WESTWOOD —The last few months of UCLA athletics was highlighted by the amazing performance of the women’s basketball team and the continued dominance of the women’s gymnastics team throughout their entire season. Those two sports definitely deserve the attention thrown their way, but one sport has hung in their shadow, quietly racking up win after win without too many people even noticing.
Men’s baseball has always been one of the most successful sports at UCLA. They are consistently being ranked among the top teams in the country every year and have put many players into the MLB, including Philadelphia Phillies All-Star Chase Utley. Even with all that, not too many accomplishments can compare to what this year’s team did during its first 22 games of the season.
In some other collegiate sports, talk of a perfect season or going undefeated is not too lofty a goal, but to even think of doing that in baseball is beyond laughable. Not only are there a lot more games played than other sports, but there is no other sport in the world that is more based on complete team effort than baseball. Your best pitcher can’t pitch every game or even every other game for that matter and your best hitter can’t take every bat. In sports like basketball or football, one player can completely take over a game and carry his team to victory. When it comes to baseball, individual performance is almost irrelevant if the rest of the team doesn’t play well. A pitcher can strike out every batter and pitch a shutout, but if the team is not able to generate any runs they will not win the game. The best hitter on the team can hit a homerun at every bat, but if the rest of his team is having an off night and his pitcher is not able to find the strike zone that particular game, his efforts don’t really mean much. So when the Bruin baseball team went 22-0 to start off the season it was definitely nothing short of miraculous.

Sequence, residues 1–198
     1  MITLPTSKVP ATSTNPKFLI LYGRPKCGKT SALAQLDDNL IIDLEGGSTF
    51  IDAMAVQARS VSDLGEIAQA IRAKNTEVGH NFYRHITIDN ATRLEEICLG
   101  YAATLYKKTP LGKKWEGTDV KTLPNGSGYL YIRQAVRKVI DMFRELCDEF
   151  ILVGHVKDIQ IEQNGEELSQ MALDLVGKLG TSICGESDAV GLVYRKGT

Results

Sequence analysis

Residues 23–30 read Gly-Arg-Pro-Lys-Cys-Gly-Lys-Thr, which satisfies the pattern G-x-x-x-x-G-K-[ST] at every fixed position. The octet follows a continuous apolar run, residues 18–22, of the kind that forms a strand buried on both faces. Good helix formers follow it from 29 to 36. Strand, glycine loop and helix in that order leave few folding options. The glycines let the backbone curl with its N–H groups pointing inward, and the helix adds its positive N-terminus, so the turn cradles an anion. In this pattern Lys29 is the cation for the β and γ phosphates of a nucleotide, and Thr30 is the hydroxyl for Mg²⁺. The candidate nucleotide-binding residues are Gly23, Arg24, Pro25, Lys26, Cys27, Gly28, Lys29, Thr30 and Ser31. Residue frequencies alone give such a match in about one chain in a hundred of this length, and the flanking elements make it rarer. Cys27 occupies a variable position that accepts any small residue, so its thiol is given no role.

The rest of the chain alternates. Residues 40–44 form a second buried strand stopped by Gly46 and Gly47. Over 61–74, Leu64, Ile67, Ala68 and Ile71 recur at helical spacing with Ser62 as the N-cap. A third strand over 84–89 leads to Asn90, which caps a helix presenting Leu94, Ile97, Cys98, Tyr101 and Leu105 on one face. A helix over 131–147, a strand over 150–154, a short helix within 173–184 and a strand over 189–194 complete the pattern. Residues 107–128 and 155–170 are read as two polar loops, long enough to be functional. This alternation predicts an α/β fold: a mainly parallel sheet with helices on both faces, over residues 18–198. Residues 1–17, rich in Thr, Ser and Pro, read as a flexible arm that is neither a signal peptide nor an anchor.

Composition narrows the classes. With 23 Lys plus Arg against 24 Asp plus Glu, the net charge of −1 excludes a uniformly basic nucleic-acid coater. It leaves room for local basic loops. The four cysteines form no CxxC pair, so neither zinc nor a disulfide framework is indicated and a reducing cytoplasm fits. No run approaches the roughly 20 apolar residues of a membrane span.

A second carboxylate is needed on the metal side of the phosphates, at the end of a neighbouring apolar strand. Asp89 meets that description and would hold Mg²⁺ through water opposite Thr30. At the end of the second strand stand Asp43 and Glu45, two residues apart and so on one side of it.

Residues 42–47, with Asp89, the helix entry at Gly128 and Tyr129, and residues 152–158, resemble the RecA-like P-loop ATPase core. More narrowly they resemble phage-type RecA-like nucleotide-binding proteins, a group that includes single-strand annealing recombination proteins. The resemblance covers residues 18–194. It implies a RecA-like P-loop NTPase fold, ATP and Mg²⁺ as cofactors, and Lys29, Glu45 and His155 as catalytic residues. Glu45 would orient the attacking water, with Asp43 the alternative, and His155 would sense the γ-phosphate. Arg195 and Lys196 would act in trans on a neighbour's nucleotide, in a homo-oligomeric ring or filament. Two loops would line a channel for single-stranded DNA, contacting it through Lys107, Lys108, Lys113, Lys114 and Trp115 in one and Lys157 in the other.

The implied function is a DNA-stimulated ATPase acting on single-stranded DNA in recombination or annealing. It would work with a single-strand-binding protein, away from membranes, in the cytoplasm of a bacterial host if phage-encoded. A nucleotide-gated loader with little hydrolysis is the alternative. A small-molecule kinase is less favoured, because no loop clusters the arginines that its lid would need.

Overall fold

The 22-0 run, marked by a 6-1 pasting of that other team across town at Dodger Stadium and a 20-4 beating of Oral Roberts, is the best start in UCLA history. Their only real test came in their Pac-10 opener against Stanford. Facing the unbeaten Alex Pracher, Stanford’s best pitcher, UCLA found itself down three different times throughout the game. Every time the Bruins seem to make its way back Stanford would find a way to regain the lead. When The Cardinal took a lead of 5-3 in the seventh inning the Bruins had finally had enough. Second baseman Tyler Rahamatulla and center fielder Chris Giovinazzo started the bottom of the seventh inning off with walks to quickly put two men on base. Third baseman Cody Riggs made sure the team didn’t waste their opportunity to pull even with Stanford and hit a single to bring both of them home. Two scoreless inning cause the game to go into extra innings and after reliever Dan Klein shut down The Cardinal once again, Dean Espy ended the game with a walk-off single to bring shortstop Niko Gallego in for the game winning run.
Unfortunately, the very next day Stanford got the best of the Bruins, ending their streak of wins, but UCLA won the war by beating them in the third game of the series. Now that the team enters conference play they hope they can continue their success and make a deep run into the College World Series at the end of the season. In 2009 the Bruins finished with a mediocre record of 27-29 and were unable to make it to the postseason. By already notching well more than half the wins they had all of last year, the baseball team hopes it will give them an entirely new result. A UCLA baseball team has never won the National Championship, but the performance of the team so far this year is a good indicator of that statistic finally changing.